I would greatly appreaciate it if anyone can give me some advice as to whether I have enough time to adequately prepare and pass the cal bar exam? I am planning on starting to study on Jan 2nd, 2011. I had to take some time off in order to recover from an illness that almost took my life a couple years ago. I know all of you are studying so thanks in advance for taking the time to help me. GOOD LUCK TO EVERYONE!

Anonymous said...

@ 12:04 AM. Yes, if you take it seriously from here on out. I passed the California bar on my first try with 2.5 weeks of full-time study. Before that period of full-time study, I put in six weeks in which I studied two to four hours a day after work and Barbri. The bar exam is a minimal test of competence; reasonable diligence for a few weeks before the test suffices to pass it.

Anonymous said...

Yes you can but it will take hard work.. I know someone who just passed the July Exam on the first try...She had already passes last year for another State.
Her Firm has many offices and asked her to sit the July Exam..
She had to scramble & get all the information & requirements before the final deadline....
She worked & studied in the evenings & all weekends...The Firm
gave her from 8 th July to study that was about 2 weeks 2 days..Everyone respected her study time... She never came up for air until she completed the exam ...AND She DID pass on the first try...
I believe youth is on her side ..She is only 26 years old...

Anonymous said...

THANK YOU both very much for your responses on "whether 7 weeks is enough study time for the cal bar".
I hate to ask the question again, but I wanted to point out the reasoning behind my worry that 7 weeks just might not be enough prep time.
The reason Im freaking out is b/c the review course I am taking advises 10 weeks to prepare. Im nervous b/c Im 3 weeks behind on my course schedule b/c I had to work until now, and Im just starting to study today.
Given that 10 weeks is the amount of time I am hearing from many different people, as well as my own review course(which is a very good course),... IS 7 WEEKS REALLY ENOUGH TIME TO ADEQUATELY PREPARE FOR THE CAL BAR EXAM WHEN MOST PEOPLE ARE TELLING ME 10 WEEKS?
Thanks again to all of you helping me. You truly are good people & I sincerely wish you the best!

Anonymous said...

THANK YOU both very much for your responses on "whether 7 weeks is enough study time for the cal bar".
I hate to ask the question again, but I wanted to point out the reasoning behind my worry that 7 weeks just might not be enough prep time.
The reason Im freaking out is b/c the review course I am taking advises 10 weeks to prepare. Im nervous b/c Im 3 weeks behind on my course schedule b/c I had to work until now, and Im just starting to study today.
Given that 10 weeks is the amount of time I am hearing from many different people, as well as my own review course(which is a very good course),... IS 7 WEEKS REALLY ENOUGH TIME TO ADEQUATELY PREPARE FOR THE CAL BAR EXAM WHEN MOST PEOPLE ARE TELLING ME 10 WEEKS?
Thanks again to all of you helping me. You truly are good people & I sincerely wish you the best!

Anonymous said...

@ 6:15: the reason is that review courses all err on the side of recommending overpreparation. They don't want to be blamed if their students are underprepared and don't pass. Similarly, if the people you are speaking to took ten weeks to prepare for the bar, they are going to tell you to do the same, because they will feel that they "needed" every week they put in. Everyone feels that way, no matter how much or how little they did. They can't imagine doing much less and still passing. But no one really knows since none of us passers know our scores.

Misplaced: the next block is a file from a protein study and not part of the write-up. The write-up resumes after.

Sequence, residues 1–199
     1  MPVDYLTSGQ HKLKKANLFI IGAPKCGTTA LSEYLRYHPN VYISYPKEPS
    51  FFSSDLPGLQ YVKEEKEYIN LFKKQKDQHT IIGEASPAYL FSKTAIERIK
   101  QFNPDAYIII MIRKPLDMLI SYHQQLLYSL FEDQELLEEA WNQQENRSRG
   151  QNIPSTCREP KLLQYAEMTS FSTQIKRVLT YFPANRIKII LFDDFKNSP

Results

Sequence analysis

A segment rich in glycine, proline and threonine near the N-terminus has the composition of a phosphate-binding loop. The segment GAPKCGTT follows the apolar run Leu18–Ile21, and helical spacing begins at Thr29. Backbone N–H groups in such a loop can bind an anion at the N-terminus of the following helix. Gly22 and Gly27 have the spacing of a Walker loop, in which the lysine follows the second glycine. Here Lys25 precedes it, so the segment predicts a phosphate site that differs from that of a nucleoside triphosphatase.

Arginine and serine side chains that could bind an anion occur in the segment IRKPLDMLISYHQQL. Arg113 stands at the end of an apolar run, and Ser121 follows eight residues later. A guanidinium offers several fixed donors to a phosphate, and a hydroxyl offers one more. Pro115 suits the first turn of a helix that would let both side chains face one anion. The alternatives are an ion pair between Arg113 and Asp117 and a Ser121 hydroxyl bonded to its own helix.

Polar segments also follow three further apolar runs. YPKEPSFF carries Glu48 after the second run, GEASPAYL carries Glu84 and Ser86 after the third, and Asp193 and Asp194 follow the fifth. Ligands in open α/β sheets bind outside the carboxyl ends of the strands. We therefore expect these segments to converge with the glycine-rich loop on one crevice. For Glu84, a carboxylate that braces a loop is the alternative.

Anyway, you ARE studying for the bar now, and you ARE planning to take it. So que sera, sera. Give it your best shot and see what happens. If your question is whether some people have passed in seven weeks, the answer is assuredly yes. If your question is whether YOU can pass in seven weeks, the answer is up to you.

Pammie said...

Grant Poobah,

Good luck to you Sir - I'm here if you want to correspond. I do think there is an art to the Performance Tests. I'll happily look over yours if you wish, to renew my offer. Warm regards, Pam

P.S. I can't wait til you pass:)

Anonymous said...

You'll pass this time- It's Your Turn

Although you won't know your score, it will be above 1440.

There will be a PR Mixed with Business Associations/Agency

Other essays definite- Evidence (both F/St),
Civil Procedure

You'll have at least one more essay dealin' with Real Prop

Can't see the rest but:

You'll do very well on the MBE's, as you have in your best years

That leaves 2 PTs
You'll be fine- with one of them scorin' above 70, maybe 80

I see you takin' the oath later this year!

Jonathan L. Kramer, Esq. said...

Stopping by to say hi! Thinking good thoughts about you.

jlk

Anonymous said...

Hi guys just stopping by to say a quick hello...I am thinking of you all...

I know that you are all under stress so take your B vitamins and also eat a potato.(Baked is nice)There is a compound in potatoes that mimics "Prozac" I am not
saying that you need Prozac but that feeling of well being after eating some "meat & potatoes" comes to mind..

Next...Take time off from studying to ...Stand up...Go up on your toes..then flat again..Do that 10 times. & go back to studying..The brain likes that.

BIG Big Hugs...

Anonymous said...

You need to have a specific plan of attack using one review company and back it up with a supplement of another-one that is designed to be less strenuous. For example, you could do a kaplan program and then supplement it in the last month with Tony's attack sheets or you could do a BarBri course/ BeatTheBar supplement. This is what I found worked for myself and most of my friends who took and passed the bar in july.

Samantha said...

Agreed....I personally prefer the BarBri/attack sheet combo however as they supplement eachother well. In particular, I found that the criminal law and tort law attack sheets were good supplements to the BarBri class I took. Do something like this and you'll be totally fine for the mbe.

Anonymous said...

Kaplan/BarBri all the same shit...the important thing is that you have a clear MAIN plan of attack and a supplement resource just in case.

Drew G said...

Hey there

I have a quick question for the pp anonymous who posted the comment pasted below:

"You need to have a specific plan of attack using one review company and back it up with a supplement of another-one that is designed to be less strenuous. For example, you could do a kaplan program and then supplement it in the last month with Tony's attack sheets or you could do a BarBri course/ BeatTheBar supplement. This is what I found worked for myself and most of my friends who took and passed the bar in july."

You wouldn't be able to do well on the bar just simply from taking one of the premier prep courses, without any need for supplementation? I have friends who said that their BarBri review course was more than enough for passing the MBE.

Best,

Drew